The scale of the dementia crisis poses a new professional risk for accountants and lawyers, say experts at the UK200Group of independent chartered accountancy and legal firms.
Debbie Wakefield, joint-chair of UK200Group’s Healthcare Industry Group, said the figures meant financial planners were already having to add care provision to pension and inheritance tax services. Now they would increasingly need to think of professional indemnity insurance as they conducted business.
“An accountant in regular contact with a client may still go weeks or months at a time without seeing them,” explained Debbie, a specialist adviser in healthcare at Edmund Carr chartered accountants.
“Yet it’s between these periods that a professional adviser could reasonably be expected to notice a deterioration in a client’s health. A unique level of trust has been fostered between them, after all.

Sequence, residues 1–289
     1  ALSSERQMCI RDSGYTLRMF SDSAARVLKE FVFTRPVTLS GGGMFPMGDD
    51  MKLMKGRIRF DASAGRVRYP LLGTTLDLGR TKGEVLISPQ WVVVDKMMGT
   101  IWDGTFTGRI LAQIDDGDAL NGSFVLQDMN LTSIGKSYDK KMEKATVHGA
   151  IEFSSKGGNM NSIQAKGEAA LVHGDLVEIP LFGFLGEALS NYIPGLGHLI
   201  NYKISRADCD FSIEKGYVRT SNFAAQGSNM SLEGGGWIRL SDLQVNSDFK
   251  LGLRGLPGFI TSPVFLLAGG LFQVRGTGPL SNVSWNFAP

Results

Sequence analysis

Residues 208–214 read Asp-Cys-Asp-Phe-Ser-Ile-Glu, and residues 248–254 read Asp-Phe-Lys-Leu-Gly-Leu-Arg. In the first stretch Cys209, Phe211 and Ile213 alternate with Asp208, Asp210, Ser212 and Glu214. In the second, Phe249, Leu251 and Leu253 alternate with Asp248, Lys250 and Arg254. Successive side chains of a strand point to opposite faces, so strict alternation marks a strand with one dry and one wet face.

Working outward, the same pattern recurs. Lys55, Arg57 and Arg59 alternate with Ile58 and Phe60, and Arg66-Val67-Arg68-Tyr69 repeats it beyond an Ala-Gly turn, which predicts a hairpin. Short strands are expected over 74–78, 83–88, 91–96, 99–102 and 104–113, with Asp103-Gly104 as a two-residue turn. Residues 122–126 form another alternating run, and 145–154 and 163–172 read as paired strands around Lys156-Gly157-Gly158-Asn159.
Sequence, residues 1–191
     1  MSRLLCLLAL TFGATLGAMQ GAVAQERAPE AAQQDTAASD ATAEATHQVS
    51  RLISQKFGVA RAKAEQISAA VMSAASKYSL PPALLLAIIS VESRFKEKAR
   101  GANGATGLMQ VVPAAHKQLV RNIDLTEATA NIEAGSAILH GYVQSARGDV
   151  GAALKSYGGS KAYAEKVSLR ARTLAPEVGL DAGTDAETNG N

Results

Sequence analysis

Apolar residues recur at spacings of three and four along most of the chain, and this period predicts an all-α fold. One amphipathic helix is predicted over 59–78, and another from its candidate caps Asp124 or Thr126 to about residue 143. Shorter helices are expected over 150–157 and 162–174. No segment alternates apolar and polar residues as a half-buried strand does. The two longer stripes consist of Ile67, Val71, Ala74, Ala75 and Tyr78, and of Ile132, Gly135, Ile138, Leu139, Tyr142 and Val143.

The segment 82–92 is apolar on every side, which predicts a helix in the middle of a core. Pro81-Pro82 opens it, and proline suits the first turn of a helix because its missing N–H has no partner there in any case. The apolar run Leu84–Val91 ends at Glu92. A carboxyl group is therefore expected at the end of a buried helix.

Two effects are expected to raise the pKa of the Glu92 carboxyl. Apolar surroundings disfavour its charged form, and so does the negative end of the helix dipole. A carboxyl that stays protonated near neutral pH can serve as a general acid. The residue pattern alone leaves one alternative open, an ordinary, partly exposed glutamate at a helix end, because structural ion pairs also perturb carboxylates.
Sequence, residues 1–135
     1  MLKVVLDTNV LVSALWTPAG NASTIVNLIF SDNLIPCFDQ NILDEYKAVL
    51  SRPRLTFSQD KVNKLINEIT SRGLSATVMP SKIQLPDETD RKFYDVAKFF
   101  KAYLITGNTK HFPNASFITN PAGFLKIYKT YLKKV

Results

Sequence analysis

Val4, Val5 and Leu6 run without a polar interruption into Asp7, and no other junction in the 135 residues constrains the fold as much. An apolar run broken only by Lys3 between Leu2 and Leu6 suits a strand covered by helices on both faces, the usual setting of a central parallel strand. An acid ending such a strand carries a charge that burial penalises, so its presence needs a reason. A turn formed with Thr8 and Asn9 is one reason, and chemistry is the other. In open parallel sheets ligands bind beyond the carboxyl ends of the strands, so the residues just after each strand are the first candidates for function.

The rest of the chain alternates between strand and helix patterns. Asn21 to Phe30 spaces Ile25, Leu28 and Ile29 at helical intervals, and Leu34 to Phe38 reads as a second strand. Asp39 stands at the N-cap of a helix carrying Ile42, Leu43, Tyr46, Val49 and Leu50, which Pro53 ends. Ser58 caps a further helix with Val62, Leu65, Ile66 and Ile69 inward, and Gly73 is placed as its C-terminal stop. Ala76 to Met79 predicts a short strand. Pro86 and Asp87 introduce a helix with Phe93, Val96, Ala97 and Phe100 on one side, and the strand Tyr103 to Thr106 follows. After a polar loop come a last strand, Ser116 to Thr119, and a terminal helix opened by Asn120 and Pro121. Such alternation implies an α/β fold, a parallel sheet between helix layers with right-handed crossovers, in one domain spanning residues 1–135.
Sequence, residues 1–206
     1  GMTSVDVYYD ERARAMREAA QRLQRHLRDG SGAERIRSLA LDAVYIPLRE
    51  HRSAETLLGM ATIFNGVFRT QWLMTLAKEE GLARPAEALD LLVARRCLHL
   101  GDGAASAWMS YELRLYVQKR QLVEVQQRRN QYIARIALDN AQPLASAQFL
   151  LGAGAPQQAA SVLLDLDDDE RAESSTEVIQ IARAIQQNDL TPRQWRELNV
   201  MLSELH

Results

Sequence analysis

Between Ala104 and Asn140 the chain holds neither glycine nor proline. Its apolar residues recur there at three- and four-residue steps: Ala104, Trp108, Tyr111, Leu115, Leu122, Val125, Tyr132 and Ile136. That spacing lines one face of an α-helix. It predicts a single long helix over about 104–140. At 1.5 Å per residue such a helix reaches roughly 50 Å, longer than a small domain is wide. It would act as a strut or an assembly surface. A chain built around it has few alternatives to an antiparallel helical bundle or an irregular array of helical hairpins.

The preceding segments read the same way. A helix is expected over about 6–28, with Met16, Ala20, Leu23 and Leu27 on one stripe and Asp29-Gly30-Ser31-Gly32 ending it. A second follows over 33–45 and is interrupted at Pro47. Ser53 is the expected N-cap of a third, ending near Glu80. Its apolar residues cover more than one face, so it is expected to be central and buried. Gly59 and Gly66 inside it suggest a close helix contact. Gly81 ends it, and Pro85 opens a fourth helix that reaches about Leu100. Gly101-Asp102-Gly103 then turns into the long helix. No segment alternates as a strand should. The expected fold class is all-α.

“But what if they missed the signs, or put it down to simple old age? Given that they could be advising on inheritance tax matters and so on, the would-be beneficiaries could well take issue if their interests go awry amid a decline in the client’s health.
“We may be about to enter a phase in which this scenario becomes more familiar, highlighting the need for accountants to consider a flexible insurance policy.”
Howard Sears, joint-chair and partner at Price Bailey chartered accountants, added: “The same issue affects personal lawyers as much as accountants, given the portfolios and interests in which their services are engaged.
“And of course, a peculiar outcome of the situation for some lawyers may be that they are tasked with defending professionals against claims that they failed a noticeably declining client.”